Louisiana Insurance Commissioner J. Robert Wooley, however, recommends that you seek three estimates before you sign a contract for any type of work. He also advises homeowners not to do business with a contractor who can't show proof of insurance or one who isn't bonded. The latter protects you if you're not happy with the finished product or if the contractor hasn't paid for the supplies he has used to repair your home. Wooley agrees with Hoffman that homeowners should require at least two references from the contractor, that you have conversations with those references and that you check the contractor's reputation through the Better Business Bureau to learn whether they have had complaints filed against them and how those cases were resolved.

Before you even get to the point of signing a construction contract, however, you must find out how much money you will receive from your insurance company and arrange any additional financing necessary to repair your home. Depending on the type of damage your house suffers, you may have to deal with two insurance adjusters -- one from your homeowner's insurance carrier and another who deals with flood insurance policies.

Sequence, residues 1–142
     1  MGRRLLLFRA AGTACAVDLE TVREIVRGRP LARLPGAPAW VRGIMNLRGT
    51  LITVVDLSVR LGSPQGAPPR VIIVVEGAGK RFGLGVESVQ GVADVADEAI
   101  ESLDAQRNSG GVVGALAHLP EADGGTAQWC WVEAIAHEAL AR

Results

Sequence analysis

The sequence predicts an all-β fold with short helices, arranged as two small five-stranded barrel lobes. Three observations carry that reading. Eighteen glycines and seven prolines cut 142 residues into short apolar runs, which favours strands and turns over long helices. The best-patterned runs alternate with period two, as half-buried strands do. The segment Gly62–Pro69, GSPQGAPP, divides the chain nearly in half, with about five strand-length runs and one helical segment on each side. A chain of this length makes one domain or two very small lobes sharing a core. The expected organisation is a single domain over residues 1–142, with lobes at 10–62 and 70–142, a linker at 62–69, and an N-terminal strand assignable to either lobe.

"It is extremely important to know the type of insurance you have and what your policy covers," Wooley says. "Homeowner's and renter's policies do not cover flooding. That is covered by a different policy through the National Flood Insurance Program."

For complaints about service from your insurance adjuster or problems with the payment of claims, contact Wooley's office at (800) 259-5300 or (225) 342-0895. For general information about insurance in Louisiana or to view frequently asked questions, log onto There also is a wealth of information about insurance, Katrina and other disasters on the Hurricane Insurance Information Center Web site at

Wooley and other officials say that if you are unhappy with the insurance estimate, you can request a different adjuster, similar to seeking a second opinion about a medical condition. Requesting a second adjuster could increase the wait time in receiving your settlement check, but it could be advantageous in the end.

Then comes the process of finding contractors to perform the needed repairs. Hoffman advises homeowners to seek contractors recommended by friends and family who know their work is satisfactory as one way of cutting through the confusion. This may also save time in finding a contractor who is available.